EIGRP route selection process

EIGRP follows three general steps to select best routes:

  1. Neighbor Discovery
  2. Topology Exchange
  3. Choosing Routes

 

  1. Neighbor Discovery:

Neighbor discovery is done by sending multicast message using multicast address 224.0.0.10 called Hello Messages. This hello message contains EIGRP parameters such as the K-value, Hold Time and AS numbers. These are checked by the router receiving the hello message before forming neighbor ship. The hello message are send out every 5 seconds by default on a high bandwidth and every 60 seconds on a low bandwidth links. Hello message sent by stub routers also have “stub” parameters like connection, summary, redistributions, receiving-only and static. Hello message are multicast by default but if neighbors are configured statically on a NBMA network such as Frame Relay they are unicast. After analyzing the Hello Message if the parameters are matching with the receiving router, then the neighbor ship is formed.

  1. Topology Exchange:

Once the neighbors are formed on the basis of Hello Messages, the adjacent routers start exchanging topology table reliably by using RTP (Reliable Transport Protocol). This table contains all the possible routes to other EIGRP subnets having same EIGRP AS number. The routes are either marking as FD (Feasible Distance) or FS (Feasible Successor) on the basis of EIGRP composite matric calculation. The command to see the content of topology table is Show ip eigrp topology

 

R1#sh ip eigrp topology

IP-EIGRP Topology Table for AS(100)/ID(192.168.70.1)

Codes: P – Passive, A – Active, U – Update, Q – Query, R – Reply, r – reply Status, s – sia Status

 

P 192.168.10.0/24, 1 successors, FD is 11151872

        via 172.1.34.2 (11151872/2297856), Serial0/0

        via 172.1.36.1 (20640000/128256), Serial0/1

P 192.168.1.0/24, 1 successors, FD is 10639872

        via 172.1.34.2 (10639872/128256), Serial0/0

        via 172.1.36.1 (21152000/2297856), Serial0/1

  1. Choosing Routes

After exchanging the topology tables the routers will analyze it and choose the lowest-matric route to reach each subnet. The lowest-matric routes are then kept in the routing table. If you analyze the above output the routes that goes in the routing table are marked with FD these are 11151872 and 10639872. The other routes with the matric 20640000 and 21152000 are called as Feasible successor and these are backup routes to the same destinations and will remain in the topology table until any things happens with the primary routes.  Should anything happens with the primary routes, these feasible successor will take the place and will be in the routing table. The command to see the content the of routing table is sh ip route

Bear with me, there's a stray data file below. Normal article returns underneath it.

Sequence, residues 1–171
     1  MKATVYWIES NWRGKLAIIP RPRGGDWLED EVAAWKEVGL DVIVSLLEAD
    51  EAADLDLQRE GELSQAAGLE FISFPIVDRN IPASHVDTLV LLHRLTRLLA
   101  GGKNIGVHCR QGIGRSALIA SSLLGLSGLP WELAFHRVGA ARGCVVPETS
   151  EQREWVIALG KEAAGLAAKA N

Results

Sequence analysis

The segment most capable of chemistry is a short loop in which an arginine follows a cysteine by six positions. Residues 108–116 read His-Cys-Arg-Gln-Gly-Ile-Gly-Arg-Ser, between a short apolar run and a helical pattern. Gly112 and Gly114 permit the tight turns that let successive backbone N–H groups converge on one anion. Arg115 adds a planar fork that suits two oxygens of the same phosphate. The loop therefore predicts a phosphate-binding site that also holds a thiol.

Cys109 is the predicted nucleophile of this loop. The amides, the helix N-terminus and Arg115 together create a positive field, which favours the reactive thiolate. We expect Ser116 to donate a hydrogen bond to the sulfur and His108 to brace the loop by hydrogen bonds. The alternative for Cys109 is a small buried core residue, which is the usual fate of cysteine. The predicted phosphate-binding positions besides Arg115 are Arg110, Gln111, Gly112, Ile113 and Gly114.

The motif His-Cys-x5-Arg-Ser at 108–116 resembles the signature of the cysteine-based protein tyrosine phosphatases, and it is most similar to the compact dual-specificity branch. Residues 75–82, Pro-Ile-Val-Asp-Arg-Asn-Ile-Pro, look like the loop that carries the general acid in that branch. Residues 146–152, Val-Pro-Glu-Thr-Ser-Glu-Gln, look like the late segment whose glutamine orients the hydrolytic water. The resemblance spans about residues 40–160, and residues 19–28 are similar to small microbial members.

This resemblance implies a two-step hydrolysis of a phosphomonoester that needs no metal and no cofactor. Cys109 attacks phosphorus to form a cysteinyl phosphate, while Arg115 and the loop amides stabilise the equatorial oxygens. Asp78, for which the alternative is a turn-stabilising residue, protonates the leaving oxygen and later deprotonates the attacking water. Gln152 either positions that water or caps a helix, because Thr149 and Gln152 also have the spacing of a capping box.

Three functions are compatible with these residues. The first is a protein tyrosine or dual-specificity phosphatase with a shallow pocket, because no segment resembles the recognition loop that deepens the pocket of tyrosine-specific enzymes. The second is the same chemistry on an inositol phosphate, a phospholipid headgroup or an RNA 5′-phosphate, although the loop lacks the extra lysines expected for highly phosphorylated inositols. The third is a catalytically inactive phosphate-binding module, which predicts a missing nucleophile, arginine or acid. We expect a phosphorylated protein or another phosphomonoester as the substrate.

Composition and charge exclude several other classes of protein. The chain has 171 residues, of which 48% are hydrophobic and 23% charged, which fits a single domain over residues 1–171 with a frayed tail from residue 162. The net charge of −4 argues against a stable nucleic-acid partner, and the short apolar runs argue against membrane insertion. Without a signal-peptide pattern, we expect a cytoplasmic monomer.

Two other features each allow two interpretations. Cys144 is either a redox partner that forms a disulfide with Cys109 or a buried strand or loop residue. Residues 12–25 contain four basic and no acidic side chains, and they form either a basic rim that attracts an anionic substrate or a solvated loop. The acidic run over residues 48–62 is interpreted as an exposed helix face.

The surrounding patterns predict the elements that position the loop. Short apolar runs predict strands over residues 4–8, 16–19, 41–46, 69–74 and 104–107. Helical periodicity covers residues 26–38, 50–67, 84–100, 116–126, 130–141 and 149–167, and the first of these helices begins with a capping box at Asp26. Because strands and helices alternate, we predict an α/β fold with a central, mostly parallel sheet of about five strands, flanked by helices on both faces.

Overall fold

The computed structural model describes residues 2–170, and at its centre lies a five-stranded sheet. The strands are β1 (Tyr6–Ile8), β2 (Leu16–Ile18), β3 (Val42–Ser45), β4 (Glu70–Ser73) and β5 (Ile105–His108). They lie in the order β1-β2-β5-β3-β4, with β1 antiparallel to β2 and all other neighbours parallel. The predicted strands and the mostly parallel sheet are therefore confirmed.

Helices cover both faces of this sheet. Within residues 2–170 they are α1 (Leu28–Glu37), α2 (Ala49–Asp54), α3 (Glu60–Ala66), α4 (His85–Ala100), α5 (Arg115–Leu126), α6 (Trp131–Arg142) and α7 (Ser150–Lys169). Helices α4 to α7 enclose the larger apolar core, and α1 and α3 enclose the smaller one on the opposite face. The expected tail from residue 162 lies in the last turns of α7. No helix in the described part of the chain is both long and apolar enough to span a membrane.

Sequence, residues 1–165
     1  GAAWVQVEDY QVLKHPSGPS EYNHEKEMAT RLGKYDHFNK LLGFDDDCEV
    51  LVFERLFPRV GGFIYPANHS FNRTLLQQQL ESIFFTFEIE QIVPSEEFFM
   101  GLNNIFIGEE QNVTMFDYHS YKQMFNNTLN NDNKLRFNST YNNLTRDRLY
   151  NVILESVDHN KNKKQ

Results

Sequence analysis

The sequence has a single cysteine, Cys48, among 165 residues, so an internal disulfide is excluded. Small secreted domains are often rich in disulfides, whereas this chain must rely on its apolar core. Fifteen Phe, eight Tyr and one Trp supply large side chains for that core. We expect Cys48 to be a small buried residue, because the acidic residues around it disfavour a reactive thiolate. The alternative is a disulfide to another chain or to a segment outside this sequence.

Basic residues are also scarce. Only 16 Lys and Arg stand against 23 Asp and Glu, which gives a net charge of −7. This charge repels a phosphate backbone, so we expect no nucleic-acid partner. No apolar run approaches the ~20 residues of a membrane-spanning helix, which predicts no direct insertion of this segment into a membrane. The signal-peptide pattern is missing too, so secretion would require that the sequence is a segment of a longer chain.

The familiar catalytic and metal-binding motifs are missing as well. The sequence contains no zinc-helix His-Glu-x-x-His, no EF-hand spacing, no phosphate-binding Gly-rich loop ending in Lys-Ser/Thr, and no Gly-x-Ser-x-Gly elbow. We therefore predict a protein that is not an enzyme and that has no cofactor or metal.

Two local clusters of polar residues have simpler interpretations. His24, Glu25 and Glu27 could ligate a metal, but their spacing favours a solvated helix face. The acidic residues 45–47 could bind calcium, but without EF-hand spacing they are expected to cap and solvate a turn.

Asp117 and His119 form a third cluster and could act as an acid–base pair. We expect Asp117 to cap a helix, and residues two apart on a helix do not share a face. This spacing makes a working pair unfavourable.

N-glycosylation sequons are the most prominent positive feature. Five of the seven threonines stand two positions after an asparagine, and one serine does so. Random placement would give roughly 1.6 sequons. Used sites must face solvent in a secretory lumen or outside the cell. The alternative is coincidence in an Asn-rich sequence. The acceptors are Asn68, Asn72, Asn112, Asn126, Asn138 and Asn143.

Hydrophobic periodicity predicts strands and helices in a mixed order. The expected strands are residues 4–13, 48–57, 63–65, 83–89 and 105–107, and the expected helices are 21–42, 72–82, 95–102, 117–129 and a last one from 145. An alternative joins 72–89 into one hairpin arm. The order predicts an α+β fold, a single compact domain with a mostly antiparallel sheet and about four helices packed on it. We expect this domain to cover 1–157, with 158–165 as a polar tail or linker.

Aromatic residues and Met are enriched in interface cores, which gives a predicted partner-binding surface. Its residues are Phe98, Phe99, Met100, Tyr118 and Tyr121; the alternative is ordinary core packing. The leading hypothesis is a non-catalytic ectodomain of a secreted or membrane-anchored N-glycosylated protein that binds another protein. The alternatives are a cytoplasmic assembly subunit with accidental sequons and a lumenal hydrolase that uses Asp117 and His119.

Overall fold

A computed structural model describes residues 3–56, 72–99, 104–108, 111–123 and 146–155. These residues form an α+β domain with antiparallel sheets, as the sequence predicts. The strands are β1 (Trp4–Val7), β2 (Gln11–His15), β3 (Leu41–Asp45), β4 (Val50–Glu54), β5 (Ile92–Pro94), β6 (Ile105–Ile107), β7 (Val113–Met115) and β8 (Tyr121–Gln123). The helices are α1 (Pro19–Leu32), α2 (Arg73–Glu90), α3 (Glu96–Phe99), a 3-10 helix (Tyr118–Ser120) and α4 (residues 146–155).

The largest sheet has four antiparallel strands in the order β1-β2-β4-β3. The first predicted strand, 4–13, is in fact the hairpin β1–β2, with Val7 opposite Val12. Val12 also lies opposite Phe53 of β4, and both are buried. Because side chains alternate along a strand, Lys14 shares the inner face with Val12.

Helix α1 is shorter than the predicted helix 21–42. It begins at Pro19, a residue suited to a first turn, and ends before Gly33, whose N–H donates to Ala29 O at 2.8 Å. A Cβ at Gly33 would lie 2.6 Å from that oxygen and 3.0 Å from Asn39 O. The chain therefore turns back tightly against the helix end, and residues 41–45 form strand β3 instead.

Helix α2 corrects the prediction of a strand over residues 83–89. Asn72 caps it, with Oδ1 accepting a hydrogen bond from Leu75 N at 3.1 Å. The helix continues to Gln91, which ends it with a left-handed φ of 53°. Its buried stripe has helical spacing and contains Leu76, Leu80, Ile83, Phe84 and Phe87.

R1#sh ip route

Codes: C – connected, S – static, R – RIP, M – mobile, B – BGP

       D – EIGRP, EX – EIGRP external, O – OSPF, IA – OSPF inter area

       N1 – OSPF NSSA external type 1, N2 – OSPF NSSA external type 2

       E1 – OSPF external type 1, E2 – OSPF external type 2

       i – IS-IS, su – IS-IS summary, L1 – IS-IS level-1, L2 – IS-IS level-2

       ia – IS-IS inter area, * – candidate default, U – per-user static route

       o – ODR, P – periodic downloaded static route

 

Gateway of last resort is not set

 

D    192.168.30.0/24 [90/11151872] via 172.1.34.2, 00:46:24, Serial0/0

C    192.168.60.0/24 is directly connected, Loopback1

D    192.168.10.0/24 [90/11151872] via 172.1.34.2, 00:46:24, Serial0/0

D    192.168.20.0/24 [90/11151872] via 172.1.34.2, 00:46:24, Serial0/0

C    192.168.50.0/24 is directly connected, Loopback0

D    192.168.1.0/24 [90/10639872] via 172.1.34.2, 00:46:25, Serial0/0

D    192.168.2.0/24 [90/10639872] via 172.1.34.2, 00:46:25, Serial0/0

C    192.168.70.0/24 is directly connected, Loopback2

D    192.168.3.0/24 [90/10639872] via 172.1.34.2, 00:46:25, Serial0/0

R1#

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